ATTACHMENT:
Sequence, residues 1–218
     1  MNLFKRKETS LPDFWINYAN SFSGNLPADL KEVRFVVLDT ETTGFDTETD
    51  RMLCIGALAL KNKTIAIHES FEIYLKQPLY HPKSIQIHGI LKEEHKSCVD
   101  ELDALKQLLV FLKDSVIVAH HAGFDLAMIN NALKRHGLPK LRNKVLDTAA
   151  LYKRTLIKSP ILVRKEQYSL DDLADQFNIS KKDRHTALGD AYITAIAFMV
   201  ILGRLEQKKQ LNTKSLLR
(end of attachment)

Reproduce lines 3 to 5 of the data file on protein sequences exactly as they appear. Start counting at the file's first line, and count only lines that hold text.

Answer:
    51  RMLCIGALAL KNKTIAIHES FEIYLKQPLY HPKSIQIHGI LKEEHKSCVD
   101  ELDALKQLLV FLKDSVIVAH HAGFDLAMIN NALKRHGLPK LRNKVLDTAA
   151  LYKRTLIKSP ILVRKEQYSL DDLADQFNIS KKDRHTALGD AYITAIAFMV